Analyze:  I am often surprised at what does well and not so well, so I let the data decide for me. Facebook has amazing insights. Look at what performed best on your page and the type of content that does well on competitors and similar industry pages. Duplicate and improve those efforts.

 

Trending: Follow what's trending, Facebook and Twitter are great sources for this. Share posts relevant to trends as long as they are loosely relevant to your brand (use #'s on Twitter, but NOT on Facebook).

 

Jab, Jab, Jab, Right Hook: Even though Gary Vee doesn't reply to my emails, he deserves an honorable mention. If you are serious about social marketing, read his book. It's a few-years-old but highlights the importance of giving, giving, giving, then asking.

  • Video is especially effective Facebook marketing, nowadays. are value-based content.  Providing industry hacks, tips, tricks, informative blogs, infographics, trade secrets…anything relative to your audience that will keep them informed and engaged is the right approach. Jabs

  • “Right hooks” are when you ask for the sale. If you are a business, you have to ask. And don’t try to pretend it’s a jab. People see through the bullshit and will respect you more when you just ask.

Of course, if you're a business, you'll want ROI from your efforts. You get it when you provide the right content and ask for business at the right time.

 

Quality over Quantity: Don't overwork yourself (or employees) to crank out content. If you don't post 5x this week on Facebook, you'll probably still be in business next week. Do not compromise the quality of your content for the sake of maximum exposure - it'll hurt your engagement in the long run.

 

Personify Your Business (Branding): "Social media is changing the way we communicate and the way we are perceived, both positively and negatively. Every time you post a photo or update your status, you are contributing to your own digital footprint and personal brand." - Amy Jo Martin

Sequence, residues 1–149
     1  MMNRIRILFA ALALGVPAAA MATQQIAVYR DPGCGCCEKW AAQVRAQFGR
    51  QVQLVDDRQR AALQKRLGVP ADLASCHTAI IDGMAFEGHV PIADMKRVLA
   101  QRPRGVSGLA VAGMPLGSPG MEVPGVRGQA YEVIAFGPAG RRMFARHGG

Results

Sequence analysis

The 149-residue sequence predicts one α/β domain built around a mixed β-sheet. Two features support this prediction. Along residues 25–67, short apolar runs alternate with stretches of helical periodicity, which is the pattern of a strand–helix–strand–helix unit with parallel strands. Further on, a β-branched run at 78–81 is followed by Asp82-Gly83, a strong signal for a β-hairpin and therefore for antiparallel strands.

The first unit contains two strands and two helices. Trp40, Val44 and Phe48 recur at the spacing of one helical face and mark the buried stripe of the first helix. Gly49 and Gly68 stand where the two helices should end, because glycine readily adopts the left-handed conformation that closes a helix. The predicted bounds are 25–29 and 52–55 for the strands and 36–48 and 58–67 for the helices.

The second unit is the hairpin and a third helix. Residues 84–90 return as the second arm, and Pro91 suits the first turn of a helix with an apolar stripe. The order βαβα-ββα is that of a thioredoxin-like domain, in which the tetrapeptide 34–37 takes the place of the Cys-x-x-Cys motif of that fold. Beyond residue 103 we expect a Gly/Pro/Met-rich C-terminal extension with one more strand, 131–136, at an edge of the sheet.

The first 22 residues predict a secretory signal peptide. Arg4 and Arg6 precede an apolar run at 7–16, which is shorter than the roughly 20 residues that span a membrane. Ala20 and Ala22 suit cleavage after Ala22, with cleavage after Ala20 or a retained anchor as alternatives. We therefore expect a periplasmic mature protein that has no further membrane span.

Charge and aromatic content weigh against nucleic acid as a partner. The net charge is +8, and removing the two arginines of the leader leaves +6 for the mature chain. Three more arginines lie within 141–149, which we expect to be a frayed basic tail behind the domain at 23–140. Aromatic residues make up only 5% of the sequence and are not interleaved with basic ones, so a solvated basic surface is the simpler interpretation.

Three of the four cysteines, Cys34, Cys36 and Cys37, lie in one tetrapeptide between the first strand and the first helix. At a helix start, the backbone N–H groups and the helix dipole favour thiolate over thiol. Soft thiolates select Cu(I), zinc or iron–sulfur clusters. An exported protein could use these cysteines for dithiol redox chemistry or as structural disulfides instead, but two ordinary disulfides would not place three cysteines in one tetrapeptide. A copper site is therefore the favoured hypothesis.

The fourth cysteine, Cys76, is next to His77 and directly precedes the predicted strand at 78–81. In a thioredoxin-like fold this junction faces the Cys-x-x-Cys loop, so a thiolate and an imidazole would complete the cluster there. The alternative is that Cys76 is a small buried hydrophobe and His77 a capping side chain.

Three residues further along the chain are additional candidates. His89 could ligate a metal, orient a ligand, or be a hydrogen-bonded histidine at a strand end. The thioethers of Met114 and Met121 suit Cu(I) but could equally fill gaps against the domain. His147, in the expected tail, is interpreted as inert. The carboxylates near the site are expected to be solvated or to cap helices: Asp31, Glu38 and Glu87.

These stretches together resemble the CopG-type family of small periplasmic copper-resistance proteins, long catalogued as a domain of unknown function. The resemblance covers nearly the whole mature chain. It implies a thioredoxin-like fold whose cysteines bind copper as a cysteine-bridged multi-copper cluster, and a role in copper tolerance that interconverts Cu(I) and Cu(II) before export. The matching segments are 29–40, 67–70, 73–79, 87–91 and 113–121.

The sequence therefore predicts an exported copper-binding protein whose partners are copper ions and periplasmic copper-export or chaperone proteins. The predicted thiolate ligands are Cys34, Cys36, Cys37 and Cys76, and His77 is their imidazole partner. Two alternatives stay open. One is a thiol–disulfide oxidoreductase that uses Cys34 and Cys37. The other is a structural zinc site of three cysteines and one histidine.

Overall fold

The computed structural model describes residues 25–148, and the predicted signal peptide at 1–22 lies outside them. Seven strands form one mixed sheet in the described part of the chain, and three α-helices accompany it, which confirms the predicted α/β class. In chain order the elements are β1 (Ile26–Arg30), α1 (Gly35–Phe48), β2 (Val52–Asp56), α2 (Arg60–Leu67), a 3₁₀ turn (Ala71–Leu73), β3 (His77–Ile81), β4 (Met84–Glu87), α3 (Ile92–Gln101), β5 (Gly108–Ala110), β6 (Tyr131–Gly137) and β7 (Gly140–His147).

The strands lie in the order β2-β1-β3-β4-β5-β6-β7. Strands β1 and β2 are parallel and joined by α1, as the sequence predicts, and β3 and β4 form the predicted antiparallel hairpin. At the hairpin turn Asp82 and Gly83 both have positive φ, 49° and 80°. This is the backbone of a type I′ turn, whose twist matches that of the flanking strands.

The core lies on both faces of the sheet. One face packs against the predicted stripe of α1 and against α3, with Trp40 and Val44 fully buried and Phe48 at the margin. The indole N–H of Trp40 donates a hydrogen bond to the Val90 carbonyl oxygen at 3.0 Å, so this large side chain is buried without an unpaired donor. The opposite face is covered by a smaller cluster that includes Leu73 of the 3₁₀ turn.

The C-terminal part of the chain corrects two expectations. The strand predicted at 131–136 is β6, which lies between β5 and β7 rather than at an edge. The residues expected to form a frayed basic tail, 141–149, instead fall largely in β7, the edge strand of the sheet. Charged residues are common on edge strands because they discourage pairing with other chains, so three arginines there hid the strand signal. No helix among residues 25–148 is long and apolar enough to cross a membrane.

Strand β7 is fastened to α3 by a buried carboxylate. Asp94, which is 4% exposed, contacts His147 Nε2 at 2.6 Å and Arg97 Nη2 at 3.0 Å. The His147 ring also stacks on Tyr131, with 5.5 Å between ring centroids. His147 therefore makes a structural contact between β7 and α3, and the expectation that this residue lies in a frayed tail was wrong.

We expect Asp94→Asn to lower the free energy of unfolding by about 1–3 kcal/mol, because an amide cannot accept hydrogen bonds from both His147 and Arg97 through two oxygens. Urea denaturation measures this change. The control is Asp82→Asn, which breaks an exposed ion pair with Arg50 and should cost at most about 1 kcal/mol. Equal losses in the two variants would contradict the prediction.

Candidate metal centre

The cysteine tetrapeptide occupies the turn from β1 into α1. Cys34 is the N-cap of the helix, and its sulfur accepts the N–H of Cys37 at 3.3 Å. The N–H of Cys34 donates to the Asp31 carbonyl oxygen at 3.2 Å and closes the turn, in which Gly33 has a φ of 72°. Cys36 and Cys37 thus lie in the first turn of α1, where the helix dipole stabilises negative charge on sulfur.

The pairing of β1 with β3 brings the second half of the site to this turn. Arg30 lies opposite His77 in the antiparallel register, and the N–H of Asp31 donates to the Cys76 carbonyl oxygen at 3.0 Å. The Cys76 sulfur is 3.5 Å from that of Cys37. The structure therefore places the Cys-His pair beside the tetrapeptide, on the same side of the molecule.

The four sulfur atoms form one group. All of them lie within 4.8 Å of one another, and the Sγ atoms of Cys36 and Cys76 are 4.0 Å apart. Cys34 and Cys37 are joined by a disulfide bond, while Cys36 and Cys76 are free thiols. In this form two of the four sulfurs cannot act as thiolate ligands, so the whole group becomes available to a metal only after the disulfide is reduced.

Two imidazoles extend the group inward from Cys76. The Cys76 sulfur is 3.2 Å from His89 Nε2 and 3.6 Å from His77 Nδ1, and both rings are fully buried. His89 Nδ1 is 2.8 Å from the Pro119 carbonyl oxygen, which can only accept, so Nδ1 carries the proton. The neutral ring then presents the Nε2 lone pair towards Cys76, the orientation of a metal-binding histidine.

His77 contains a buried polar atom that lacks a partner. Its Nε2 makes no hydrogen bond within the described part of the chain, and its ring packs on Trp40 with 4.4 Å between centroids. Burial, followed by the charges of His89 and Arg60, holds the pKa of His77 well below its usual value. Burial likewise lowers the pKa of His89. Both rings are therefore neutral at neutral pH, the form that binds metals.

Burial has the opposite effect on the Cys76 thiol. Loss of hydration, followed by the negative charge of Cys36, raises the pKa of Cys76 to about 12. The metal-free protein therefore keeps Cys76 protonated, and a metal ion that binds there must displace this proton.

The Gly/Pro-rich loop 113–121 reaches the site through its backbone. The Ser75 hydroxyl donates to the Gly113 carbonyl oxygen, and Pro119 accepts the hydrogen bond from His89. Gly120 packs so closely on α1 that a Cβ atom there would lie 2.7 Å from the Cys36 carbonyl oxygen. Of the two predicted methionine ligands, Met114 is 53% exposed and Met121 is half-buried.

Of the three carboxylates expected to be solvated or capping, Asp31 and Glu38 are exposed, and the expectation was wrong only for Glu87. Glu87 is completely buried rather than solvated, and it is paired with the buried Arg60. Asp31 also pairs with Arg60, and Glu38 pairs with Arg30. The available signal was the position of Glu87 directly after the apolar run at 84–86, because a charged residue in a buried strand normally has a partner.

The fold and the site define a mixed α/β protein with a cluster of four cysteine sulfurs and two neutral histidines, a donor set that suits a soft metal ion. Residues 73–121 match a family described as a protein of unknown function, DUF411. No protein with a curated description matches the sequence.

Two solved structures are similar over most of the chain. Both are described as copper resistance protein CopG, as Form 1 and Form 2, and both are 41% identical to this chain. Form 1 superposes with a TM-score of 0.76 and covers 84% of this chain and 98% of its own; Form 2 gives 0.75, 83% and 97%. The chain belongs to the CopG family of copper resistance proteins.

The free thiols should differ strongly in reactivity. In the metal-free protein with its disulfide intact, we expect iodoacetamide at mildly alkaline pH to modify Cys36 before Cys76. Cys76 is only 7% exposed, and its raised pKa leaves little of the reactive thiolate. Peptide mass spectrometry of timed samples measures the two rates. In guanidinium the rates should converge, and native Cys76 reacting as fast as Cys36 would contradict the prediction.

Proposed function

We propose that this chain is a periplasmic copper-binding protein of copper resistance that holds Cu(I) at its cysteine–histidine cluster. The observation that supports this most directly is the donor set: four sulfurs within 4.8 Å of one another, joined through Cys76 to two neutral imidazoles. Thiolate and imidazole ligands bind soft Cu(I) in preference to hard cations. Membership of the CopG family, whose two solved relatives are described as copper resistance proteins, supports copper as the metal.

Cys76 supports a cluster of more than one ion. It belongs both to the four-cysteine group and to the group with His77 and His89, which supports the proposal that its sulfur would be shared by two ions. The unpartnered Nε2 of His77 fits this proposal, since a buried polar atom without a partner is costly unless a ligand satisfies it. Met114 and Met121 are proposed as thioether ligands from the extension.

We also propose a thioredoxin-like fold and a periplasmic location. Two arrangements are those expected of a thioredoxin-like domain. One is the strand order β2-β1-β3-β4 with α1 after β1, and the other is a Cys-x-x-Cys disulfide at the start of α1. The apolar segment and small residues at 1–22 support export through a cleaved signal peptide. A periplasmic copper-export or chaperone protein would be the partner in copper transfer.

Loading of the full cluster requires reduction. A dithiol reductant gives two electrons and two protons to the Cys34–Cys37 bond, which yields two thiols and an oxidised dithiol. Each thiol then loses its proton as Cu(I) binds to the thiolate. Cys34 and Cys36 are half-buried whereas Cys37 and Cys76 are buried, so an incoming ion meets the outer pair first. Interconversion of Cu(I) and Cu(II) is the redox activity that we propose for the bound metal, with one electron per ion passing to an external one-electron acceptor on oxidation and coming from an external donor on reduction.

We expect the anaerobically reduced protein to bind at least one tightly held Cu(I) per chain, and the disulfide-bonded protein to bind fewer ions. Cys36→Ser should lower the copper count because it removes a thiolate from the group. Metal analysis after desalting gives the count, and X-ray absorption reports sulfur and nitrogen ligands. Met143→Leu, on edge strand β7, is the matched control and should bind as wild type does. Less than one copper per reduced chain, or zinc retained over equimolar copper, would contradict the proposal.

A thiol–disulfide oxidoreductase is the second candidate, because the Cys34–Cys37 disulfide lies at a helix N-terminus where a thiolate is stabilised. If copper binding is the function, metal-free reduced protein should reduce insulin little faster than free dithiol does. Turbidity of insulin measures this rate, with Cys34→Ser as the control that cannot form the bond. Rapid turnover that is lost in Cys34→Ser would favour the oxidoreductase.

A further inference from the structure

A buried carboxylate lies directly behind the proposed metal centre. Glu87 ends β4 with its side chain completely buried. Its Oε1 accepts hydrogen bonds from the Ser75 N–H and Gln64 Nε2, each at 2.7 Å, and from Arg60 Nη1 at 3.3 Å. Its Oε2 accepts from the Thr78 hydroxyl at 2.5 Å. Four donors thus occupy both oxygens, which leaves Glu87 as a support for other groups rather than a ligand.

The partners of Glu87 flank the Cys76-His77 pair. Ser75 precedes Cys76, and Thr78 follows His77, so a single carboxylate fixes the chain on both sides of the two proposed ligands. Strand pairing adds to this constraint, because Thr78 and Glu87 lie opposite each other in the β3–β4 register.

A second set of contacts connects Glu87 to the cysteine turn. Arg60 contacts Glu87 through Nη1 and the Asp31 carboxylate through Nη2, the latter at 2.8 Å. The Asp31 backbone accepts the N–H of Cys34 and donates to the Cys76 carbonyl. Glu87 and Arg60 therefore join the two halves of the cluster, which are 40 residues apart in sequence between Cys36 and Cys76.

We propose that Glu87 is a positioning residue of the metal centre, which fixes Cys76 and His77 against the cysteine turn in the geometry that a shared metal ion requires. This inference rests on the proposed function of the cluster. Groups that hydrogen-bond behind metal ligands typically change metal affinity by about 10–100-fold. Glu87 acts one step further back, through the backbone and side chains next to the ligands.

Focus on Native Content. Native Content encompasses and defines your brand’s personality. It should correlate directly with your target demographics.

 

You can also email me with specific questions.

 

WIN's:

 

 
Conclusion
 

Remember, marketing on Facebook (and any other social platform) requires a blend of art and a science. Content is the cornerstone for effective social media marketing. Many businesses make the mistake of providing content that they think will generate the most leads and sales, but are not taking the time to look from the consumer's point of view.

 

If you want people to follow and like your social, you need to answer the question to "Why should I share/like/follow this?".  Sometimes a simple ask to share can yield surprising results.

 

Quality content aids in engagement, growth, and brand awareness. The more engaging your content, the more people will like and follow your pages.

 

If you made it this far, thank you for taking the time to read my post!

 

This was originally asked on Quora: What are the biggest mistakes businesses make when using Facebook for marketing?

 

Dan Raaf, Digital Marketing Specialist and Social Media Director

 

Also, apologies to Follow Your Heart and OkiData Americas for putting you on blast. Maybe next time you will reply to my emails.